Custom Event and Location Fields

Aside from the usual fields Events Manager offers, you may find the need for extra fields that would contain specific information about your events.

For example, you may host evening events and require a dress code or minimum age. You could be hosting classes and want to include teacher names.

There’s two ways to add custom information events and locations, the traditional WordPress way which uses Custom Fields, or using our custom attributes feature.

Custom Attributes vs. WP Custom Post Fields

Custom attributes ARE custom fields. Custom fields with events work the same way as with WordPress post or pages, custom attributes are simply a way of imposing certain restrictions which custom fields do not:

  • each attribute can only be used once per event/location
  • only attributes created by admins can be used
  • a choice of pre-determined values can be provided

Which one to use really depends on your specific needs. If you don’t have a preference or you need to force specific fields and nothing more, try custom attributes (enabled by default). You can always go back and forth using custom fields, because the data is stored in the same place.


To use event attributes or custom fields you must first enable them in the Settings page.


Go to the Events > Settings page in your admin dashboard and open the General Options panel. You will see these two options, choose which features you’d like to use.


A little further down from the event attributes are the equivalent options for locations:

Creating Custom Attributes

Now we need to define our attributes by giving them names and possible values. Attributes are defined by either adding them to your attributes box in the same settings page where you activated attributes above, or entering them directly into your formats on the settings page. Events Manager will detect that there is a new attribute and generate the right form fields on the event or location registration page.

In this example, I want to show the name of the speaker at my event, and the dress code. Speaker is the name of my speaker Key, this is what will as the label name for entering Speaker information on the event registration forms. I will also add a Dress Code attribute with some pre-defined values.

The syntax used to create attributes is as follows.

  • #_ATT{Field Label} – Text event attribute, no default value if not defined.
  • #_ATT{Field Label}{Default Value} – Text event attribute, with a default value if not defined.
  • #_ATT{Field Label}{Default Option|Option 1|Option 2|etc.} – Select from one of the options, seperated by a pipe | character. If not defined, the first option is considered the default option.

So, using the earlier example, this is what we would see in our event registration page:

Location Attributes

Location attributes work exactly the same way as Event attributes, with some slight differences:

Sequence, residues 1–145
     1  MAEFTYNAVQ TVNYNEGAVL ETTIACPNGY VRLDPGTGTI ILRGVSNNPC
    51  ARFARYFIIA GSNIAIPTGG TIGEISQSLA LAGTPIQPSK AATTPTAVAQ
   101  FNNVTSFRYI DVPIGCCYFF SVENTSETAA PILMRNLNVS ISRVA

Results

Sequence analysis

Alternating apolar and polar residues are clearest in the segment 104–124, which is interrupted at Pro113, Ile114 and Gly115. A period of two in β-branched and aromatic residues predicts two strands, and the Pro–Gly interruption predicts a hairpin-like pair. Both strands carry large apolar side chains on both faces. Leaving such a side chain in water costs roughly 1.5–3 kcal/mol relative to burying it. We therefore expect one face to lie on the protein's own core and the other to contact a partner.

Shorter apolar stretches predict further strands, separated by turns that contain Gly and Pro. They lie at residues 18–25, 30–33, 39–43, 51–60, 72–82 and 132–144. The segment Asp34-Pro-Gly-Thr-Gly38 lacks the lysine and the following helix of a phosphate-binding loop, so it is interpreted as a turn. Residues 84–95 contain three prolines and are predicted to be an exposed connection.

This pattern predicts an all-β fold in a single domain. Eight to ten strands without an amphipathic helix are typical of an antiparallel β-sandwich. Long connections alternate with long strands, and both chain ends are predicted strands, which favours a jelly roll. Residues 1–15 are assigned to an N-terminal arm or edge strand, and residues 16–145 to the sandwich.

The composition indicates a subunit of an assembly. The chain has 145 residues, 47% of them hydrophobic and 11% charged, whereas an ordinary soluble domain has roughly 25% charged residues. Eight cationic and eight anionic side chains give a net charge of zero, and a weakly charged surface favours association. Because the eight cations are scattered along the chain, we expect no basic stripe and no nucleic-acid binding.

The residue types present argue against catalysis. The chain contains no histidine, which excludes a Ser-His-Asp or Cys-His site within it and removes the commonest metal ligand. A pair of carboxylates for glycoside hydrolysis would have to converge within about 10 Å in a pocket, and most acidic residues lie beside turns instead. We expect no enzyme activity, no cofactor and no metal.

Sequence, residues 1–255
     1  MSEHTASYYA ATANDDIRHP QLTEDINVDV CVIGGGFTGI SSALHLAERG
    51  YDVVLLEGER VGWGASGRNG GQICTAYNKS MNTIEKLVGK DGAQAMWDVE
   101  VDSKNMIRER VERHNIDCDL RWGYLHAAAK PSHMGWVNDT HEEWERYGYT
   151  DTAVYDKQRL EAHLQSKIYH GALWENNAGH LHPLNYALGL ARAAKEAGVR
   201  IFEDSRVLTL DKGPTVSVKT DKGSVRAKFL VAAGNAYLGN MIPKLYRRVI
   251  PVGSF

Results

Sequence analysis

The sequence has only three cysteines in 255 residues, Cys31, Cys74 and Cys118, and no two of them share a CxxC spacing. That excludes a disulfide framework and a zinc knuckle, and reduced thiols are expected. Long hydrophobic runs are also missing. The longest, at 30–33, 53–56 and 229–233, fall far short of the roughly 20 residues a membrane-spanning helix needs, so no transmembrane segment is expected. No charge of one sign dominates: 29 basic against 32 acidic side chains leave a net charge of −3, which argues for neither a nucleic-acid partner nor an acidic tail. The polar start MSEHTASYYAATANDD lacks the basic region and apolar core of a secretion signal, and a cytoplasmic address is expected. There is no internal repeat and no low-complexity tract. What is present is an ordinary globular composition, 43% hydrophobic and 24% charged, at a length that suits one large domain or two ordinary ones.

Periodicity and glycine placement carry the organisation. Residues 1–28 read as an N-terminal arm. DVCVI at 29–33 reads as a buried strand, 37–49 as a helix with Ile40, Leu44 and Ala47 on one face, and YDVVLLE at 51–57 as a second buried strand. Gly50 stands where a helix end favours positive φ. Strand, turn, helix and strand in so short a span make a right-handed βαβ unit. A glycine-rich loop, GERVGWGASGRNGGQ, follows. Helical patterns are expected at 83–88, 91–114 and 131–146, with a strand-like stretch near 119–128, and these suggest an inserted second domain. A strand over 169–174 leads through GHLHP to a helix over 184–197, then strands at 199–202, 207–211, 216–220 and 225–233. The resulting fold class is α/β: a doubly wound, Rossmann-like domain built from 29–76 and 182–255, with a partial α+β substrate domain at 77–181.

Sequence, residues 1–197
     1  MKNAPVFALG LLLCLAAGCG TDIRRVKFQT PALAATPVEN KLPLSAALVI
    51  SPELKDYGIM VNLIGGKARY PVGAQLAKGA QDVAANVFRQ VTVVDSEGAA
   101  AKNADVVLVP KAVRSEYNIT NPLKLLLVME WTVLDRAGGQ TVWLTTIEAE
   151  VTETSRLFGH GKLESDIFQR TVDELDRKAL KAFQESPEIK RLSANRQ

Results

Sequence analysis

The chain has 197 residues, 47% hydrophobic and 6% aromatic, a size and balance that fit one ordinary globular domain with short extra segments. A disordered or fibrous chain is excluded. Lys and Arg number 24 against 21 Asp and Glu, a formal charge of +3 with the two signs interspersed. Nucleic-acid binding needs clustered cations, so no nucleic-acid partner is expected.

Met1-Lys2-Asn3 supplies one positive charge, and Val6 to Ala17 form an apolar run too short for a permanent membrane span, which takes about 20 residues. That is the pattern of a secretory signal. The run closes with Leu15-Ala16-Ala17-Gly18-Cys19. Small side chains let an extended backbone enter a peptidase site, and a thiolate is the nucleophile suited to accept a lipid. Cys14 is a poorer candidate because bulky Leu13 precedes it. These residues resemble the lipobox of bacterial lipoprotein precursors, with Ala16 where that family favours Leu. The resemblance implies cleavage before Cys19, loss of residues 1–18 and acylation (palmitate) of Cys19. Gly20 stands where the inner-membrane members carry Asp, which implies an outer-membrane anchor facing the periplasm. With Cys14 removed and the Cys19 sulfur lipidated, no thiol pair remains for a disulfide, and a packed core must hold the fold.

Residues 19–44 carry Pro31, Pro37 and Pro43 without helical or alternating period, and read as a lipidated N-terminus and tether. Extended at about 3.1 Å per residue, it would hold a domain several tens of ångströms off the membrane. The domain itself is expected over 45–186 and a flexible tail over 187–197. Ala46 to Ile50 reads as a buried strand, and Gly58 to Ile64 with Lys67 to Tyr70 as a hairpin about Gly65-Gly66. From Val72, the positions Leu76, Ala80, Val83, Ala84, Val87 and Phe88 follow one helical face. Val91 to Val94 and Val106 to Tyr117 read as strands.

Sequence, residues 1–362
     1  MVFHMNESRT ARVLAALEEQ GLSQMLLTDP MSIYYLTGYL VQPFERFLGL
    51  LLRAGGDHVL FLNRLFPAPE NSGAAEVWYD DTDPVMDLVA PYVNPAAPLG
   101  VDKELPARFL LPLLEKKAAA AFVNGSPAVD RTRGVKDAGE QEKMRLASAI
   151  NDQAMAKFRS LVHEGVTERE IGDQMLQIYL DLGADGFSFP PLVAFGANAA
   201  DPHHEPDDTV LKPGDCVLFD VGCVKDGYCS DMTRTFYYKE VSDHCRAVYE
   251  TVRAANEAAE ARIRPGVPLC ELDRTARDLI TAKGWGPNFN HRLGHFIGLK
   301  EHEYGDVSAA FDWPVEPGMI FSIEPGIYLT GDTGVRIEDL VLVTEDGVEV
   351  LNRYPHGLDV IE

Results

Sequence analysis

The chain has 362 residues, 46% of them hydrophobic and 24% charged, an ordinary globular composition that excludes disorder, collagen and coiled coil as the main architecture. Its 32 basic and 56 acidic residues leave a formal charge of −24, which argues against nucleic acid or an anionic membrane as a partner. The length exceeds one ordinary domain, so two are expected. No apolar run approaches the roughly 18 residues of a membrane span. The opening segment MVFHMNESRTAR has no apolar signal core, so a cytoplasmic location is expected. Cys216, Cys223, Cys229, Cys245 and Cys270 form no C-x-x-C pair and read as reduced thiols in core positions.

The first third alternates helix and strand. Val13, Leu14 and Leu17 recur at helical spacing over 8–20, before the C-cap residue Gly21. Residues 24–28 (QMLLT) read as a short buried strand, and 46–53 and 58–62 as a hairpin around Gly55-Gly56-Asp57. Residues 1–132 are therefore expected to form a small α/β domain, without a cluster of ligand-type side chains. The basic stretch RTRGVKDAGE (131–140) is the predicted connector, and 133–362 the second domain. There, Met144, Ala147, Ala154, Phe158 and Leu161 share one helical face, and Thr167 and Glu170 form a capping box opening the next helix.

• They have a different placeholder, instead of #_ATT use #_LATT.
  • They can be used on event and location formats alike.
  • There is a seperate location attributes box if you’re not adding your attribute directly into a format.

Managing default values and preset values in attributes

As you can see in the attribute examples above, the second page has a select box, which shows the options that were seperated by the | character. This makes things really easy for the people registering their events and also prevents misspellings or unwanted values from being entered.

If I have the same attribute in multiple places and need to add one more option, where do I add it?

This will undoubtedly be a common question, and fortunately there’s an easy solution. In the first screenshot, you’ll see a text box for event attributes. Using the example above, we could just use #_ATT{Dress Code} throughout the formats and add #_ATT{Dress Code}{Informal|Smart|Casual Smart} to that text box and it will apply to all the other attributes with the same name.

What about old attributes that I would like to add preset values to?

That is not a problem, but bear in mind that when converting an old attribute, if your event attribute values don’t appear in the list of options, the default option will be used for that event.

Creating Custom Fields

If you decide to use custom fields, you’ll see a section in your event/location submission forms similar to this:

You’ll be able to assign previous field keys and new values, add new custom fields with a new field key, or add a field more than once.

Displaying Custom Fields and Attributes

The easiest way to display custom fields and attributes is using the #_ATT and #_LATT placeholders for events and locations respectively. In our example above for creating an event attribute, the #_ATT placeholder was used to output Speaker and Dress Code information. If this was a custom field with the same key name, it would have been displayed instead.

Since attributes are custom fields, you can also retrieve field and attribute values as custom fields using WordPress custom field functions within your theme files.